Guil loses numerous coin bets to Ros. Worried by the long string of "heads," he attempts to come up with an explanation.
He puzzles over the potential importance of their moment, then recalls that a man awoke them with a summons.
When the Tragedians come, Guil speaks with the Player and suggests that he can use his influence at Court.
When the Player proposes a private performance of The Rape of the Sabine Women, Guil slaps him and tells him not to be obscene.
Guil bets the Player on the toss of a coin and beats him repeatedly. He then bets him that the year of his birth doubled is an even number.
Claudius and Gertrude request Guil and Ros cheer up Hamlet and find out what is wrong with him.
Guil speculates on the arbitrariness of their names, the ephemeral nature of life, and the logic of the events that they are becoming involved in.
Guil and Ros play "questions," but Guil loses.
Guil and Ros act out a question and answer scenario in which Guil role-plays Hamlet and Ros role-plays Ros. It is practice to find out what is wrong with Hamlet.
Guil and Ros have a conversation with Hamlet. Guil thinks they learned something, though he is not sure what.
Guil attempts to determine the direction of the wind based on the location of the sun and goes on a rant against pragmatism.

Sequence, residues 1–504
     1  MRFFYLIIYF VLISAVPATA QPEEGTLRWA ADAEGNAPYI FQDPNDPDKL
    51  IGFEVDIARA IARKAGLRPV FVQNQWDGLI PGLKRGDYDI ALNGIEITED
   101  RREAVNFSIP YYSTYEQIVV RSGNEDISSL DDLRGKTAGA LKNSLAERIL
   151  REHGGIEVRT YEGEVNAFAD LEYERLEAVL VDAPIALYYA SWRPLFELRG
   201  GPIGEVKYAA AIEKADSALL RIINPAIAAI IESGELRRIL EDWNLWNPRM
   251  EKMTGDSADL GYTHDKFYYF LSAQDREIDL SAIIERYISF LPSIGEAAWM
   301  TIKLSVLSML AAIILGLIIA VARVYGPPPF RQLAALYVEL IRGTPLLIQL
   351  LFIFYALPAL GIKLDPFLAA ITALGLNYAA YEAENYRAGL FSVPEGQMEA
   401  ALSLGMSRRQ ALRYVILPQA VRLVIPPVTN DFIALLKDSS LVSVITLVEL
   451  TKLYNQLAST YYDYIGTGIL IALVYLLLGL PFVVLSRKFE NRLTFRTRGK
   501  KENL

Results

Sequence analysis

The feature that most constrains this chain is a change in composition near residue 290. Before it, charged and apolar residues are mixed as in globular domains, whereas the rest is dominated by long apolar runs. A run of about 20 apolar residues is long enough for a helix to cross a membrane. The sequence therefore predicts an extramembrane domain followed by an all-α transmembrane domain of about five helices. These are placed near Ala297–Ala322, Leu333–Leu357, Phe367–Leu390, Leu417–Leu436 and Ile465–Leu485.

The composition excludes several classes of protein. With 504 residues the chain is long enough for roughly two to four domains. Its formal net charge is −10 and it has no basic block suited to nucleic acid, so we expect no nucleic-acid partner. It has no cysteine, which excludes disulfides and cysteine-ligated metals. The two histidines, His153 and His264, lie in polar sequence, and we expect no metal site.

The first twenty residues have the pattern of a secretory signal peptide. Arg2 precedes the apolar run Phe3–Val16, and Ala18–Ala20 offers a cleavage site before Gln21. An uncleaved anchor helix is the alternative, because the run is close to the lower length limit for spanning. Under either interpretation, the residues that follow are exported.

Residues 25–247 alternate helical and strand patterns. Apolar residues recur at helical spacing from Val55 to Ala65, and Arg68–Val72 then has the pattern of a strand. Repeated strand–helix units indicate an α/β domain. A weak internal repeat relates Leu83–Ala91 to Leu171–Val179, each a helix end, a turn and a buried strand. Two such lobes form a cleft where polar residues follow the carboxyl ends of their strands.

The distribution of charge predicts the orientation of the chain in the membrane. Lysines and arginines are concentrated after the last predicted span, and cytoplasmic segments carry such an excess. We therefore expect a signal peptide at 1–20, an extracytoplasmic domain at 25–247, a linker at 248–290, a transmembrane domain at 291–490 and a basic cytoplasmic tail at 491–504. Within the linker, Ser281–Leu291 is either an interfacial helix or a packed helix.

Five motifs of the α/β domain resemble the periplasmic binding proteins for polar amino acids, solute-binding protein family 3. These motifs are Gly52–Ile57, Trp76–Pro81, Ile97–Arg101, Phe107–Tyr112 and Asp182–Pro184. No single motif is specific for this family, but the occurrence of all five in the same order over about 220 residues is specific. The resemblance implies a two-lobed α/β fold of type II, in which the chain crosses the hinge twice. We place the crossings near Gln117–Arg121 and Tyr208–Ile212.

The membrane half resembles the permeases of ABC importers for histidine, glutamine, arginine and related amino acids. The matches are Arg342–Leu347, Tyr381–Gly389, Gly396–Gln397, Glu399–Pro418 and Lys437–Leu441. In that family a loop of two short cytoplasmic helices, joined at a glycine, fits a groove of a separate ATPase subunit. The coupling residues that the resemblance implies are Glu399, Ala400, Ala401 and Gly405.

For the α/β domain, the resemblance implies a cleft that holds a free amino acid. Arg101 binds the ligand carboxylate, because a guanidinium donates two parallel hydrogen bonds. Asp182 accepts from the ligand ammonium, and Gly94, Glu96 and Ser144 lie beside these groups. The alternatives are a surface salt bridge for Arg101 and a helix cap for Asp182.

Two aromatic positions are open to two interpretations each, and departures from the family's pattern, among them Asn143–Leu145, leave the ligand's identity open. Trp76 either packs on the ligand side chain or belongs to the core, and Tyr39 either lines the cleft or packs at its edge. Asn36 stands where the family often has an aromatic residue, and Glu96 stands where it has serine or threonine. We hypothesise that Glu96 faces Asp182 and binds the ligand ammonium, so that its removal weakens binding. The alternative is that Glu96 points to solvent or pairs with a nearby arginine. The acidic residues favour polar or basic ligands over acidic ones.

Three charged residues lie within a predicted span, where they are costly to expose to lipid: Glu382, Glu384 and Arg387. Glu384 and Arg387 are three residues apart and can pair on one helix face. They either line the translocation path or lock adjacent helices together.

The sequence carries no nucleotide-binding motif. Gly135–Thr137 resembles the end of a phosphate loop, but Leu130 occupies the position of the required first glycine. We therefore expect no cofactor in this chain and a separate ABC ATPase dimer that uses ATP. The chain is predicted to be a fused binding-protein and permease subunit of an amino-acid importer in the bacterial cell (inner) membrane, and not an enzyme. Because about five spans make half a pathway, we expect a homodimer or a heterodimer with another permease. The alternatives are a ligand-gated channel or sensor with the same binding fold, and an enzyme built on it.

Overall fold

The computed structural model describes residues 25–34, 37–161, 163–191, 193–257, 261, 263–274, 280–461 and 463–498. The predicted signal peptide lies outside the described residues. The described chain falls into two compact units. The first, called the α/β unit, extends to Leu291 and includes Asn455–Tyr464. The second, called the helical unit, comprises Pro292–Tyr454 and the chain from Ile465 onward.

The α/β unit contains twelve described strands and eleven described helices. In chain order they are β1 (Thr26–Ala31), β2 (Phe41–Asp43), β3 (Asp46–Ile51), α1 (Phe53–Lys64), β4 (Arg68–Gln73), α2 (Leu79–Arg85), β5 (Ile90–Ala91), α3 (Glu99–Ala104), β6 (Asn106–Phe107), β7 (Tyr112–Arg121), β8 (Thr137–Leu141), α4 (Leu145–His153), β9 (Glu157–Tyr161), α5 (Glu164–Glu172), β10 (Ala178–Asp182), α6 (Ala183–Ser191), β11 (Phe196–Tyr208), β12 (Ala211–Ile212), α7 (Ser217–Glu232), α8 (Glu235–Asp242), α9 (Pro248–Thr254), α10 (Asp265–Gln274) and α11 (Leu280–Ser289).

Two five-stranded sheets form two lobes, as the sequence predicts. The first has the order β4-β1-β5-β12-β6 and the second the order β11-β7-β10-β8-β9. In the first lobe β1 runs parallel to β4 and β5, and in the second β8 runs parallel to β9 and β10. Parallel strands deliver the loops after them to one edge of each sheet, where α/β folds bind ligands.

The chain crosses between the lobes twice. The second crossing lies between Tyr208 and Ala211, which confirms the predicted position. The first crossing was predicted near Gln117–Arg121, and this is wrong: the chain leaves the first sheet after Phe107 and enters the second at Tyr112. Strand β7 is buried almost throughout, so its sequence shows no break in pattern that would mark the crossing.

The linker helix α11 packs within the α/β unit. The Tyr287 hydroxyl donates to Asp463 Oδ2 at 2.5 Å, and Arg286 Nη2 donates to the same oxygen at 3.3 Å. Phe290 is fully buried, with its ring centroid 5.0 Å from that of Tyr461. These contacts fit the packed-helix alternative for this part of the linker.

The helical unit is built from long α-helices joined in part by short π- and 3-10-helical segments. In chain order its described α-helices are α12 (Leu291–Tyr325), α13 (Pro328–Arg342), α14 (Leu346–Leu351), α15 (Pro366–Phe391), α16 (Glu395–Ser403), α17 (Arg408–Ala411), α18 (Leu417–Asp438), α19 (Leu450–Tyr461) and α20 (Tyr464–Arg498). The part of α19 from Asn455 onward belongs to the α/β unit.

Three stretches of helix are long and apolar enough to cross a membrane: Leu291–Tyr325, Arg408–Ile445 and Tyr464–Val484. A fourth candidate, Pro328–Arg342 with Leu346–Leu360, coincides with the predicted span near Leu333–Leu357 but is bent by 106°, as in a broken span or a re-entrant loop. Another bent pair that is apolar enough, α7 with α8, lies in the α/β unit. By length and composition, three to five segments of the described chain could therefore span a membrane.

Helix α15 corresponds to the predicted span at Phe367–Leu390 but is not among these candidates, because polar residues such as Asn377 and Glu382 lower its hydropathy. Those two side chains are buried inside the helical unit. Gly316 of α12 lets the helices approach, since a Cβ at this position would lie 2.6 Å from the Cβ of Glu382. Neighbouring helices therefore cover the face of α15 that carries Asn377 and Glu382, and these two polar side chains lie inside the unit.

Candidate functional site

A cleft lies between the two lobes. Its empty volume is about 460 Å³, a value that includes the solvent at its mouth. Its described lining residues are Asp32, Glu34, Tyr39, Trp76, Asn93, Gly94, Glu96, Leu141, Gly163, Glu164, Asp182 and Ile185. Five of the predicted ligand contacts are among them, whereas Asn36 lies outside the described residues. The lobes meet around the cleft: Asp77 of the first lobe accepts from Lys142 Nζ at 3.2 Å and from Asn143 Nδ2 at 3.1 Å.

Guil again speaks of the way that wheels have been set in motion and ponders about the nature of existence.
When the Player arrives at court, Guil mocks him for being melodramatic and about how hard it was for the Player when Ros and Guil ditched him in the woods.
Guil discusses with the Player what the Tragedians will put on at court, and they talk about how Hamlet is doing.
Guil becomes irritated when Ros goes on a long rant about what it would like to be dead.
Guil watches the Tragedians dress rehearsal with Ros, but gets in an argument with the Player about whether or not an actor can know anything about death.
After Hamlet kills Polonius, Guil and Ros debate how they will find him. When they find they will have to go to England, Guil worries about whether or not they should go, but does nothing.
Guil wakes up in the dark on a boat with Ros, and comforts Ros, who is scared. He talks about how he likes boats because your direction is determined on a boat. You can be free without being cut loose.
Guil first mocks Ros and then comforts him for worrying about what will happen when they get to England. He assures him that they have the letter.
Guil and Ros act out the scenario of arriving at England with Guil as Guil and Ros as the King. They find that the letter condemns Hamlet to death.
Guil rationalizes why it is okay that Hamlet is condemned to die.
The Tragedians are revealed to be on the boat, and Guil and the Player discuss Hamlet. Guil says it boils down to symptoms, and makes an extensive list of Hamlet's.
Pirates attack, and afterward Guil worries that they are lost. Ros reassures him. They again act out the scenario with Ros as Ros and Guil as the King, but this time they realize that the letter has been changed and it condemns them to death.
Guil again argues with the Player about death, as the Tragedians menacingly surround him and Ros. He stabs the Player, but it is revealed that he has stabbed him with a trick knife.
Guil wonders if there was a moment when he and Ros could have escaped their situation, but then decides that it is not worth worrying about. He disappears.